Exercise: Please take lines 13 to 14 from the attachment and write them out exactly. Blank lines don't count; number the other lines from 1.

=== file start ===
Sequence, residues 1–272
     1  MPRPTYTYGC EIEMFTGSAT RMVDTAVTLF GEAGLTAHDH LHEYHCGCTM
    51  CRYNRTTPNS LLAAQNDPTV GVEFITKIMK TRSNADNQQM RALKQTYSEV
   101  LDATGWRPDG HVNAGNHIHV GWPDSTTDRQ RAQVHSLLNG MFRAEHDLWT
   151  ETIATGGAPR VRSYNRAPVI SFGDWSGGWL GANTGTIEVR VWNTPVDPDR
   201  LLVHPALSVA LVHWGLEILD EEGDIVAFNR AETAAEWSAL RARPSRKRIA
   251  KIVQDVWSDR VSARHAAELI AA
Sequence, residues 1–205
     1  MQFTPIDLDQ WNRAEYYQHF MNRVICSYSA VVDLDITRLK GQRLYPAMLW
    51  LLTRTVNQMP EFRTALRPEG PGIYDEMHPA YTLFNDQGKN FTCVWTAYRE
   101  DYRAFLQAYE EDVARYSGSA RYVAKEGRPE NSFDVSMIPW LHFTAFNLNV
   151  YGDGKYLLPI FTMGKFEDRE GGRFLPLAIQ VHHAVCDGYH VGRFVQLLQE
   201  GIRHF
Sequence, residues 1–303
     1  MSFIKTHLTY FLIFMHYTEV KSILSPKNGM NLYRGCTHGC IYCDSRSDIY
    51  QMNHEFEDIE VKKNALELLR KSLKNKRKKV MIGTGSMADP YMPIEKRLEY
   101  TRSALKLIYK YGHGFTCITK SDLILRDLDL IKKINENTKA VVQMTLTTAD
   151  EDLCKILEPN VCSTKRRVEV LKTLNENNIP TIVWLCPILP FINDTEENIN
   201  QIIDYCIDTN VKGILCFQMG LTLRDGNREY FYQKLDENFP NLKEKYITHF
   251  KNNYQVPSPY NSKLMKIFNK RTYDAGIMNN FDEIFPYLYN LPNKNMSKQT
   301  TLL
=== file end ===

   201  GIRHF
Sequence, residues 1–303